# Thread: greater than, equal to or less than zero

1. ## greater than, equal to or less than zero

I'm not sure this is the right forum, but here goes:

Depending on $\displaystyle \alpha \in \mathbb{R}$, find where the expression

$\displaystyle (xy)^2 + (\alpha + x)y^2$ is greater than zero, less than zero and equal to zero.

I suppose the first step is to write it as
$\displaystyle y^2 (x^2+x+\alpha)$.
So, if $\displaystyle y=0$, than the expression is zero, no matter what the $\displaystyle \alpha$ is.
Also, if $\displaystyle y>0$ or $\displaystyle y<0$, $\displaystyle y^2>0$, so it comes down to whether $\displaystyle x^2+x+\alpha$ is 0, <0 or >0.

I've tried and tried, but no luck.

2. Originally Posted by georgel
I'm not sure this is the right forum, but here goes:

Depending on $\displaystyle \alpha \in \mathbb{R}$, find where the expression

$\displaystyle (xy)^2 + (\alpha + x)y^2$ is greater than zero, less than zero and equal to zero.

I suppose the first step is to write it as
$\displaystyle y^2 (x^2+x+\alpha)$.
So, if $\displaystyle y=0$, than the expression is zero, no matter what the $\displaystyle \alpha$ is.
Also, if $\displaystyle y>0$ or $\displaystyle y<0$, $\displaystyle y^2>0$, so it comes down to whether $\displaystyle x^2+x+\alpha$ is 0, <0 or >0.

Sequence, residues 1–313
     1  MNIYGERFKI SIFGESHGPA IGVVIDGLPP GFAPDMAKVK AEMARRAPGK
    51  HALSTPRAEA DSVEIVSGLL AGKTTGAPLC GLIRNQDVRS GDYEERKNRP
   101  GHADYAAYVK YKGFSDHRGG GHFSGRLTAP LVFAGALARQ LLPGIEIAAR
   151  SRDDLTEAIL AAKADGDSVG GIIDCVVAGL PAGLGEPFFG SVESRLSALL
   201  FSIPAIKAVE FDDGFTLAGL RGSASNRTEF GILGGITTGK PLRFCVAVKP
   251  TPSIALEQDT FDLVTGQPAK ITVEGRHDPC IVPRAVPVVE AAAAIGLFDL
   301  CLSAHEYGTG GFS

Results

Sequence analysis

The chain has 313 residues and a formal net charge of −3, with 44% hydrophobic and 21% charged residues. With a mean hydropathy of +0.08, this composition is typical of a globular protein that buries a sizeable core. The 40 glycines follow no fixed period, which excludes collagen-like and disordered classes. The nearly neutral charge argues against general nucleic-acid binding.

I've tried and tried, but no luck.

good job so far

now, as for the latter part

solve $\displaystyle x^2 + x + \alpha = 0$

plot the solutions on a number line and test the intervals. you should be able to determine the range of values for $\displaystyle \alpha$ that causes each of the conditions you are considering

3. Originally Posted by georgel
I'm not sure this is the right forum, but here goes:

Depending on $\displaystyle \alpha \in \mathbb{R}$, find where the expression

$\displaystyle (xy)^2 + (\alpha + x)y^2$ is greater than zero, less than zero and equal to zero.

I suppose the first step is to write it as
$\displaystyle y^2 (x^2+x+\alpha)$.
So, if $\displaystyle y=0$, than the expression is zero, no matter what the $\displaystyle \alpha$ is.
Also, if $\displaystyle y>0$ or $\displaystyle y<0$, $\displaystyle y^2>0$, so it comes down to whether $\displaystyle x^2+x+\alpha$ is 0, <0 or >0.

I've tried and tried, but no luck.

you are sure in the right place and on the right direction.
$\displaystyle y^{2}(x^{2}+x+\alpha)=y^{2}\bigg(x+\frac{1-\sqrt{1-4\alpha}}{2}\bigg)\bigg(x+\frac{1+\sqrt{1-4\alpha}}{2}\bigg)$
I hope it is now clear...

4. $\displaystyle x^2 + x + \alpha = 0$

$\displaystyle x = \frac{-1 \pm \sqrt{1 - 4\alpha}}{2}$

if $\displaystyle 1 - 4\alpha < 0$ , then the roots for x are imaginary and
$\displaystyle x^2 + x + \alpha > 0$.

if $\displaystyle 1 - 4\alpha = 0$ , then x has a single double root at $\displaystyle x = -\frac{1}{2}$ and
$\displaystyle x^2 + x + \alpha \geq 0$.

if $\displaystyle 1 - 4\alpha > 0$ , then $\displaystyle x^2 + x + \alpha \leq 0$ for $\displaystyle \frac{-1 - \sqrt{1 - 4\alpha}}{2} \leq x \leq \frac{-1 + \sqrt{1 - 4\alpha}}{2}$

5. That's exactly what I did the first time, and got zero points. :-(
I didn't know what else to try.

Thanks to everyone, I'll ask my teaching assistant what seems to be the problem.